Your Writer’s Journal: 4 Practical Tips For This Powerful Tool

Do you have a writer’s journal? A couple of weeks ago, we discussed the benefits of journaling in our writing group.

The benefits have been known for years. However, writers’ journals are a little different. You may have one, or several. I have a bullet journal for every day, but for long projects like books, I choose a fresh notebook.

The non-journaling members of the group were intrigued. How might you use your writing diary—what should you write about?

By the way, you can call your book anything you decide: a diary, or journal. Perhaps a log/ idea/ commonplace book…

How to use your writer’s journal

You can use it in any way which makes sense for you. Use it to explore your thoughts and collect ideas. To complain, or describe, or to copy quotes from words written by others.

Above all, use it to have fun. As Ray Bradbury said in Zen in the Art of Writing:

… if you are writing without zest, without gusto, without love, without fun, you are only half a writer.

Let’s look at some tips that members of our group have developed for their writing notebooks. By the way, the most common types were book journals.

1. Ask yourself questions about anything you choose

You’re the best source of information and advice for anything concerning you.

If something worries you, ask yourself questions. Then answer each question. Avoid over-thinking: write whatever comes to you. Consider using timed-writing sessions for this so that you avoid censoring your thoughts.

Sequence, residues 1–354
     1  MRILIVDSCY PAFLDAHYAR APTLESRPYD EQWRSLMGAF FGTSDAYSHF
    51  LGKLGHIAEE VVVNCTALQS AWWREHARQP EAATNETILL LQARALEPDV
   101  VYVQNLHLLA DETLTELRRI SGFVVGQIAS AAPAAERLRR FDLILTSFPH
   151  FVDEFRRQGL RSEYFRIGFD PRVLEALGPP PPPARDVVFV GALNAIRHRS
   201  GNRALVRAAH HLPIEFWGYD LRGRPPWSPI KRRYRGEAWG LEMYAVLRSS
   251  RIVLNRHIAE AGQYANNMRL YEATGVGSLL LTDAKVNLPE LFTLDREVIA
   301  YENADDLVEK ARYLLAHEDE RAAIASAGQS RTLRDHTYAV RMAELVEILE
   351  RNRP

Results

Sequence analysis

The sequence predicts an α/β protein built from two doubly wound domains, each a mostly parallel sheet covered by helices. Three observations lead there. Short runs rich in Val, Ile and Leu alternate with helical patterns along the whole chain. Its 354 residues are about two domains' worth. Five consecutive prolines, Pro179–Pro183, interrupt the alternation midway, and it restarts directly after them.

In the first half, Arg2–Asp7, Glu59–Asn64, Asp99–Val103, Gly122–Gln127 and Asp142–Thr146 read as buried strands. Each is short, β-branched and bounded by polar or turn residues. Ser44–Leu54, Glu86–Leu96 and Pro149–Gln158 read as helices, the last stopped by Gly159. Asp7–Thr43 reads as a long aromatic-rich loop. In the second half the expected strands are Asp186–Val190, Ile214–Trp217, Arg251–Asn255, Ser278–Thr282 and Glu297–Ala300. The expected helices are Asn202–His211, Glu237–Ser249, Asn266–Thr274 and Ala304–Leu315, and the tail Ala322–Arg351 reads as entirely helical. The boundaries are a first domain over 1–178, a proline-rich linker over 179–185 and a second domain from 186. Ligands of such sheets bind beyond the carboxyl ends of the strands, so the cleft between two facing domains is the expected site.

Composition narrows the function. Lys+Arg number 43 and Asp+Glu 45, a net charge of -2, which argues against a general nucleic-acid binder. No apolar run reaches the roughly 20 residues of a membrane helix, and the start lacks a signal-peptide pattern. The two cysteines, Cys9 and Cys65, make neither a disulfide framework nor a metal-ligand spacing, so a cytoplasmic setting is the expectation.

Does the thought of writing private material disturb you? If it does, write on sheets and destroy or recycle them.

2. Consider a “for publication” jotter or diary

Many well-known writers left instructions that their diaries were to be burned after they died. Occasionally, their heirs took it on themselves to destroy material. Jane Austin’s sister Cassandra, for example, burned most of Jane’s letters; she’s been called a “literary arsonist.”

Writers like Somerset Maugham (A Writer’s Notebook) on the other hand, published their diaries before their death, or left publication instructions for their literary executors.

Consider writing essays, and collecting them into books, then publishing them.

3. Practice: create a workbook

Want to practice dialogue, or develop characters? You may not want this kind of material in your everyday notebook, so create a workbook. Over the years, you’ll find it immensely useful.

Think of it as a kind of “swipe file”, as used by copywriters.

One writer said he collects his Kindle highlights into Obsidian, then copies them out (manually), and practices the craft elements he’s exploring.

4. Write about your dreams (of course)

Dream diaries can be useful, especially if you’ve suffered trauma. They can also be a source of ideas. Apparently, Robert Louis Stevenson dreamed the seed of his novella, The Strange Case of Dr. Jekyll and Mr. Hyde.

Anything goes for your writer’s journal

No need to decide immediately what you’ll include, or how you’ll use this book.

One of our group paints and writes too. She uses a pad of watercolor paper, and jots notes beside her paintings. She’s embarking on a “drawing a day” process next year, stockpiling enough pads to ensure she has 365 paintings when 2025 rolls around.

Not only that, but she reports that since she started using this process, she’s become a more productive writer. You never know how your journal will help you until you get started.

Want to write short stories? Start here

Here’s an amazing new program I’ve found: The 3-Step Formula: Easy and Profitable Short Fiction in 60 Minutes.

I’m using the formula to create a “Christmas through the ages” series of stories.

 

 


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